7                Part 2 of the Bill proposes appropriations to make payments of the amounts in Schedule 2 for State, ACT, NT and local government items (clause 7), administered items (clause 8 ), administered assets and liabilities items (clause 9), other departmental items (clause 10 ) and CAC Act body payment items (clause 11).

8                Part 3 of the Bill specifies the ways in which the amounts in Schedule 2 may be adjusted.

9                Part 4 deals with the general drawing rights limit applicable for the current year (current year is defined in clause 3 of the Bill) to the Health and Hospitals Fund established by the Nation-building Funds Act 2008 .

10            Part 5 deals with credits to Special Accounts (clause 17), the conditions that apply to payments of State, ACT, NT and local government items (clause 18 and Schedule 1) and provides for amounts to be appropriated as necessary (clause 19). Clause 19 recognises that the appropriations proposed in the Bill may also be varied by the FMA Act.

Financial Impact

11            The Bill, if enacted, would appropriate the amounts specified in Schedule 2.





 

Statement of compatibility with human rights

1                The Bill seeks to appropriate money for services that are not considered to be the ordinary annual services of the Government.

2                Accordingly, this Appropriation Bill performs an important constitutional function, by authorising the withdrawal of money from the Consolidated Revenue Fund for the broad purposes identified in the Bill.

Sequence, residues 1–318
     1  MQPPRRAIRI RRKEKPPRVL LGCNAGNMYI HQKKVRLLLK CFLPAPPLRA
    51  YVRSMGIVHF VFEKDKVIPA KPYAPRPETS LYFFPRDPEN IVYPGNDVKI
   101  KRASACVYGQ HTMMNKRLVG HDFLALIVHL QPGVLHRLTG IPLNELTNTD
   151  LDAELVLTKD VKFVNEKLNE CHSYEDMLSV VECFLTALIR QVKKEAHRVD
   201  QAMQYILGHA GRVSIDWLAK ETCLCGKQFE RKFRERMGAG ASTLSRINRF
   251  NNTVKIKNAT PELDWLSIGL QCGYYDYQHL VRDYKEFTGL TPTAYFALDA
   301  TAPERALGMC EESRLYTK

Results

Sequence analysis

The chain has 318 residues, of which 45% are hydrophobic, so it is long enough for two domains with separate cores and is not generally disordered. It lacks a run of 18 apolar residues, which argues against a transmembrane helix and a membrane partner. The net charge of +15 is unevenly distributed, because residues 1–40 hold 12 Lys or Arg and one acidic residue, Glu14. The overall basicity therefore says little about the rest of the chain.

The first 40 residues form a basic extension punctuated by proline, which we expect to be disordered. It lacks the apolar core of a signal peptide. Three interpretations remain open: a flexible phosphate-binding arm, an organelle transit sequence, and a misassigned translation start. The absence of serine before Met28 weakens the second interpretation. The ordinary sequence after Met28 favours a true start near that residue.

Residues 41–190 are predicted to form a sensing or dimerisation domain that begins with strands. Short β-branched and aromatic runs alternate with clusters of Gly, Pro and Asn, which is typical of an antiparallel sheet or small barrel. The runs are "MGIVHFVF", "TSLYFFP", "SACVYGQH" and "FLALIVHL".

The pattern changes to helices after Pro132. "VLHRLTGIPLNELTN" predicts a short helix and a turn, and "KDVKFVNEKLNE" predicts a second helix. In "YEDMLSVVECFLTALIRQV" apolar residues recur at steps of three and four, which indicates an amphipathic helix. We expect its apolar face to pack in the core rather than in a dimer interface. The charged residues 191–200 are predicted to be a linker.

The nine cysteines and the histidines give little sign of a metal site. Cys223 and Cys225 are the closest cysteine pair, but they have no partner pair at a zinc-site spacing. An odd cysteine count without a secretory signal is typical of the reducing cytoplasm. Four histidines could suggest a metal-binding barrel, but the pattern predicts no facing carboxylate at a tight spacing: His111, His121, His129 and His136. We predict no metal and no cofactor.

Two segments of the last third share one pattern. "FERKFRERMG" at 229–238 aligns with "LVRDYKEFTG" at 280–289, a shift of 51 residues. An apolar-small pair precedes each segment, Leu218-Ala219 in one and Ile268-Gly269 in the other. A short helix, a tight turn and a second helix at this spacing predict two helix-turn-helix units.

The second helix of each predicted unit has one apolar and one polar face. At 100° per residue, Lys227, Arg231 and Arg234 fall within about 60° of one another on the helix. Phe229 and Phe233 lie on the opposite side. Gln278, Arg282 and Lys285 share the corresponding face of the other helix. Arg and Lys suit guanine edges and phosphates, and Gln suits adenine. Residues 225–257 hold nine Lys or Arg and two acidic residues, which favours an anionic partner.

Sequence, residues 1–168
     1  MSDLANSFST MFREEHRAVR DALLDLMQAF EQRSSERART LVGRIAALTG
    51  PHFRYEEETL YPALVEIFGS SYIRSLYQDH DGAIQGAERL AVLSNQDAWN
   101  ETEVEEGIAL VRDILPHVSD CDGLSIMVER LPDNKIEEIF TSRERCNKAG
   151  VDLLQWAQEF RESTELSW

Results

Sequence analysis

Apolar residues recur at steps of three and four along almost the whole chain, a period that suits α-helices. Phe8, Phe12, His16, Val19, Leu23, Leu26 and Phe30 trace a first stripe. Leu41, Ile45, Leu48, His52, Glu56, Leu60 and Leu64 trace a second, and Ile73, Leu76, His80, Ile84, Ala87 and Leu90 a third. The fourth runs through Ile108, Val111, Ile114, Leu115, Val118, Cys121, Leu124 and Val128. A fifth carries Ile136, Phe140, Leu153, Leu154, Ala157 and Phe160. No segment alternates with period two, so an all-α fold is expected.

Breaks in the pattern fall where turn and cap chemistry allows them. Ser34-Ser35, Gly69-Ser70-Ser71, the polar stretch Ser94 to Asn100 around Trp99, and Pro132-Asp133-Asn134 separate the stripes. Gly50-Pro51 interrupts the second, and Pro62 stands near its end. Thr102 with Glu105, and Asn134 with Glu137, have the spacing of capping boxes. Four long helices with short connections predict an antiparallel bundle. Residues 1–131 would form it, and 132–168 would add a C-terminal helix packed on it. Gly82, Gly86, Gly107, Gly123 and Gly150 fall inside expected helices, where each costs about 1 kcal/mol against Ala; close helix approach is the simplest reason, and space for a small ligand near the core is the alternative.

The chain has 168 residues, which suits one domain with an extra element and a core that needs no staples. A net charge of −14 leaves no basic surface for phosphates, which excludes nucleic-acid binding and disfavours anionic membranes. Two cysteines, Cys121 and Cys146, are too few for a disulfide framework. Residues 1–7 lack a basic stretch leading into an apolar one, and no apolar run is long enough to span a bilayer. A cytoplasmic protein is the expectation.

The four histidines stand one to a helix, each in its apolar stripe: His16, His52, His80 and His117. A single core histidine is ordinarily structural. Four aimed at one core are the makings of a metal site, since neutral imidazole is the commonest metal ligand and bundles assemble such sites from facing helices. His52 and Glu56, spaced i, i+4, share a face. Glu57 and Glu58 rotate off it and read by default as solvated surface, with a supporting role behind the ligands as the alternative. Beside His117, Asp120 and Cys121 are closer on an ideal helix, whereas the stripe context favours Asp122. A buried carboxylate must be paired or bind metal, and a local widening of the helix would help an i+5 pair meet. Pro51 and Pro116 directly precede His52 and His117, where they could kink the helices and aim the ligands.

3                However, as the High Court has emphasised, beyond this, the Appropriation Acts do not create rights and nor do they, importantly, impose any duties.

4                Given that the legal effect of Appropriation Bills is limited in this way, the Appropriation Bill is not seen as engaging, or otherwise affecting, the rights or freedoms relevant to the Human Rights (Parliamentary Scrutiny) Act 2011 .

5                Detailed information on the relevant appropriations, however, is contained in the Portfolio Statements.

 





 

Notes on clauses

Part 1—Preliminary

Clause 1—Short title

1                This clause specifies that the short title of the Bill, once enacted, will be Appropriation Act (No. 4) 2013-2014 .

Clause 2—Commencement

2                Clause 2 provides for the Bill to commence as an Act on the day of the Royal Assent.

Clause 3— Definitions

3                Clause 3 defines the key terms used in the Bill, such as “administered item”, “Agency”, “current year”, “other departmental item”, and “State, ACT, NT and local government item”.

Clause 4—Portfolio Statements

4                Clause 4 declares that the Portfolio Statements are extrinsic material under paragraph 15AB(2)(g) of the Acts Interpretation Act 1901 (AI Act) that may be used to ascertain the meaning of certain provisions in accordance with subsection 15AB(1) of the AI Act. Paragraph 15AB(2) of the AI Act effectively provides that the material that may be considered in the interpretation of a provision of an Act includes any document that is declared by the Act to be a relevant document.

5                The purpose of the Portfolio Statements is to provide information on the proposed allocation of resources to Government outcomes by Agencies within each portfolio. The Portfolio Statements provide information to enable Parliament to understand the purpose of appropriations proposed in the Bill. The term “Portfolio Statements” is defined in the Bill, at clause 3, to mean both the Portfolio Budget Statements (that accompanied the Appropriation Bills tabled at the last Budget) and the Portfolio Additional Estimates Statements (tabled with this Bill).